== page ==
6. The Committee invites oral presentations by NHRIs and encourages the presence of such institutions during the examination of the State party’s report. NHRIs have the possibility to address the Committee as a whole in formal closed meetings with interpretation, as well as in informal private meetings, at the request of the NHRI and closely preceding the dialogue with the State party. Such meetings allow for interactive discussions and sharing of updated additional information between the Committee and NHRIs. There are additional opportunities for NHRIs to provide the Committee with detailed information during informal private meetings. The privacy of the meeting aims to ensure unfettered and effective engagement with the Committee without fear of intimidation or reprisal. To facilitate these informal private meetings, the Committee’s Secretariat will liaise with the NHRI as early as possible in the process.
  7. Moreover, the Committee will offer NHRIs with A Status, at their request, an opportunity to present during a defined period of time an opening statement during the formal dialogue with the State party.
  8. Contributions to follow – up to concluding observations
  9. Under the Paris Principles, NHRIs have a specific mandate to monitor and report on the compliance of their respective State with international human rights instruments, including compliance with recommendations resulting from international human rights mechanisms. NHRIs are invited to provide the Committee with written information, including an evaluation of the measures taken by the State party to implement the concluding observations that were selected by the Committee in its follow-up procedure. These contributions should be submitted to the Committee when the follow-up report of the State party is due or once this report is made public within the prescribed deadlines.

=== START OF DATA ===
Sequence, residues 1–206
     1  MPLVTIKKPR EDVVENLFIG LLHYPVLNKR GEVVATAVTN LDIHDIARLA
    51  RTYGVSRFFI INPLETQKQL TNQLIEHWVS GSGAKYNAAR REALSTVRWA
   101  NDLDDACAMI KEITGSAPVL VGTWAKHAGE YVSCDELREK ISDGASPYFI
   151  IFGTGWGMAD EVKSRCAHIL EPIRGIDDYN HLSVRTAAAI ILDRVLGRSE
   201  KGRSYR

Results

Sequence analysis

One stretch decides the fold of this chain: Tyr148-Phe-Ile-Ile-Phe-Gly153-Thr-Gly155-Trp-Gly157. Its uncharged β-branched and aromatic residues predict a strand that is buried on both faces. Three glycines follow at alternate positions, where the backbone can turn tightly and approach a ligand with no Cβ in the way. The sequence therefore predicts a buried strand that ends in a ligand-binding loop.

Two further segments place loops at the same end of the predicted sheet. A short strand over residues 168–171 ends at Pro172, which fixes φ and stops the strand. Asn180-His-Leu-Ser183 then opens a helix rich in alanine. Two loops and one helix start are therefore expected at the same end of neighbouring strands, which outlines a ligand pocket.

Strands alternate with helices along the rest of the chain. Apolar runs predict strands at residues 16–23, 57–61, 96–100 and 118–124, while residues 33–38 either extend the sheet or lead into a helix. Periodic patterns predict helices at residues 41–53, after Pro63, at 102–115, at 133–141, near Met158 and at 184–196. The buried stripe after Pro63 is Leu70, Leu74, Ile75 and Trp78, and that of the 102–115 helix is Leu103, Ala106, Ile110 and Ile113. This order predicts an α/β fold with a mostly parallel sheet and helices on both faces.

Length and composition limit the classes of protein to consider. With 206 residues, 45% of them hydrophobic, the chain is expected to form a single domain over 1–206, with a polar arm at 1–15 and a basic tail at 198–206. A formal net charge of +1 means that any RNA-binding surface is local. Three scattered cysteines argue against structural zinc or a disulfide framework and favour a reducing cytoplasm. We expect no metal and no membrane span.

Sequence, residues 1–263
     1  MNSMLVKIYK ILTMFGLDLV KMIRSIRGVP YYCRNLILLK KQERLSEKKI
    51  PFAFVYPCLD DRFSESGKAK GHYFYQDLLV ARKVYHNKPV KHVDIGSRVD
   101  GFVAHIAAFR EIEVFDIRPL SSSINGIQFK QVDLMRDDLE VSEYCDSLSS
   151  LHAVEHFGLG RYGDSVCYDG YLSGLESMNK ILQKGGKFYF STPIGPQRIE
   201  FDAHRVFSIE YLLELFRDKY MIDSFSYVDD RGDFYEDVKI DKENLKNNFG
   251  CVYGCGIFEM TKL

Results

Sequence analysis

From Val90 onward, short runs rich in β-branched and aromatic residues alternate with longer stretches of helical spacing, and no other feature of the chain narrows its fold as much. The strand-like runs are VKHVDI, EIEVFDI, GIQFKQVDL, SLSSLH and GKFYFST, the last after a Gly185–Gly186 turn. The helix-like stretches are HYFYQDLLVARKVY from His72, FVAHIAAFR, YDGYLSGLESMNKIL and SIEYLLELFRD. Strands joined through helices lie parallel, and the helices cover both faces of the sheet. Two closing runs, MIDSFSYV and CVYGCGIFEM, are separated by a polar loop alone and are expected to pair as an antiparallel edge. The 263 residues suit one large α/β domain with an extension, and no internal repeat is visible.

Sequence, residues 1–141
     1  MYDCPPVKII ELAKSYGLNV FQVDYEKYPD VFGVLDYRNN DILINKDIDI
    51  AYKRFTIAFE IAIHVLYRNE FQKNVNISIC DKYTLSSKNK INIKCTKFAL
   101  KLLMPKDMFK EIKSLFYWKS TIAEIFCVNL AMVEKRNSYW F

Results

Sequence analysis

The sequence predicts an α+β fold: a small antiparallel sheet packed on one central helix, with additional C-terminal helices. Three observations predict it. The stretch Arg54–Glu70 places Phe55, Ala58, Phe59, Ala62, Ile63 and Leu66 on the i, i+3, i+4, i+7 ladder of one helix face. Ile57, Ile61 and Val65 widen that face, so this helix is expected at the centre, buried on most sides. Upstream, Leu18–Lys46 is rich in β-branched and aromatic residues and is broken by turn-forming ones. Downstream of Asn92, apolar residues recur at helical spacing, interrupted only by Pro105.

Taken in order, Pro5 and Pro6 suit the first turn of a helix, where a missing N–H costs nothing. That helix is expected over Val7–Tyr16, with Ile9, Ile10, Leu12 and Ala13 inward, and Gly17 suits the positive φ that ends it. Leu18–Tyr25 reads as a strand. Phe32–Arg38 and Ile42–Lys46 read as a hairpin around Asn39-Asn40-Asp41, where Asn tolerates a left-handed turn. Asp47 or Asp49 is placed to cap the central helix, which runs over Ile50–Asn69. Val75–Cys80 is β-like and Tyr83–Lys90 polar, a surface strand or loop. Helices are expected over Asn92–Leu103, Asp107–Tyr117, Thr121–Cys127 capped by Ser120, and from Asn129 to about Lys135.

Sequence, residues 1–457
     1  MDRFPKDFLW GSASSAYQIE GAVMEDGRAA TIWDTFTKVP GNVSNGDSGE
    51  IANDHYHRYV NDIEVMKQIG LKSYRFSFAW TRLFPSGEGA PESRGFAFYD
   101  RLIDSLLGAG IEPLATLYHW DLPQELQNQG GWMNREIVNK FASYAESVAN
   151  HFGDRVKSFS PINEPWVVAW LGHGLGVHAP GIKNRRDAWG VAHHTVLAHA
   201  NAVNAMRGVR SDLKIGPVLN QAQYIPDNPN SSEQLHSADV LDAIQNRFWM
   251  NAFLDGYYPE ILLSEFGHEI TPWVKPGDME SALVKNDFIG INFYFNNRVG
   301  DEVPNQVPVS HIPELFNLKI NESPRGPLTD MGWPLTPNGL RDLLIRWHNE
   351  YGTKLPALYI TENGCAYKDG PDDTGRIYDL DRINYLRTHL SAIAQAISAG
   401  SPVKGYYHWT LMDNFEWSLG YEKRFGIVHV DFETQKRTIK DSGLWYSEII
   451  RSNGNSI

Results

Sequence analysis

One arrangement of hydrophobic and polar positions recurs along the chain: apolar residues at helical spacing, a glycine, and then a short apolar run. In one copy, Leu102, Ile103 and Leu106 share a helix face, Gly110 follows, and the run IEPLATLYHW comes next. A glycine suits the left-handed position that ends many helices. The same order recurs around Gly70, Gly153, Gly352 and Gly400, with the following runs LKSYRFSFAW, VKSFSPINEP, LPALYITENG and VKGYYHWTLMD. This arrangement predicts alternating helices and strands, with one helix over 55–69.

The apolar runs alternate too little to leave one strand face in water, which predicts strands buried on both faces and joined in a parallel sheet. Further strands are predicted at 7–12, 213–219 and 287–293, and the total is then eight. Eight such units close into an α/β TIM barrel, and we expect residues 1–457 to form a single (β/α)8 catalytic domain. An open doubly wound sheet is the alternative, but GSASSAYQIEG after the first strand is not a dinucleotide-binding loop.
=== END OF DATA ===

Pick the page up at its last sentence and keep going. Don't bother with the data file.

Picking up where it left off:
10. The Committee encourages NHRIs to interpret domestic legislation in general, in light of international human rights treaties and jurisprudence, and the recommendations of respective treaty bodies. Moreover, the Committee encourages NHRIs to promote such interpretation among the legal professions, in particular judges, lawyers and prosecutors, as well as relevant civil servants.
  11. The Committee highly appreciates that NHRIs be officially mandated to ensure a formal follow-up process on the implementation of the recommendations of treaty bodies including CEDAW. Moreover, and in order to ensure the most effective involvement of NHRIs in the Committee’s follow-up procedure, the Committee’s Secretariat shall amend its NHRI information note to include information on the timing of the follow-up procedure schedules and on opportunities to contribute thereto.
  12. Recommendations on NHRIs
  13. The Committee will include recommendations on NHRIs as appropriate in its concluding observations. This includes recommendations to establish or strengthen an NHRI in line with the Paris Principles and ensure its independence and adequate funding. The general observations and recommendations from GANHRI shall be considered as appropriate. Treaty bodies’ recommendations are an authoritative call on States parties to build and strengthen NHRIs in line with the Paris Principles and reinforce their work to promote and protect the human rights of women and girls. The Committee’s recommendations also help NHRIs and other actors including GANHRI, regional networks of NHRIs, OHCHR and NGOs to advocate for effective NHRIs at the national level.
  14. The role of NHRIs in relation to the individual communication procedure under the Optional Protocol
  15. NHRIs can play an important role in providing assistance and advice to the author who claims to be victim of a violation on how to submit an individual communication or relevant information to the Committee on any violation of the rights protected by the Convention. They can also help by generally raising awareness about the communications procedure at the national level. NHRIs can further play an important role in providing the Committee with reliable and evidence-based information relevant to the Committee’s mandate under article 2 of the Optional Protocol.
  16. Once the Committee’s Views have been made public, it is important that NHRIs follow-up and monitor, or assist authors in doing so, to promote implementation of the Views. NHRIs, where appropriate, can advise the State party on legislative or administrative reforms recommended in the Views. The Committee encourages NHRIs to submit to it follow-up information on the implementation of its Views.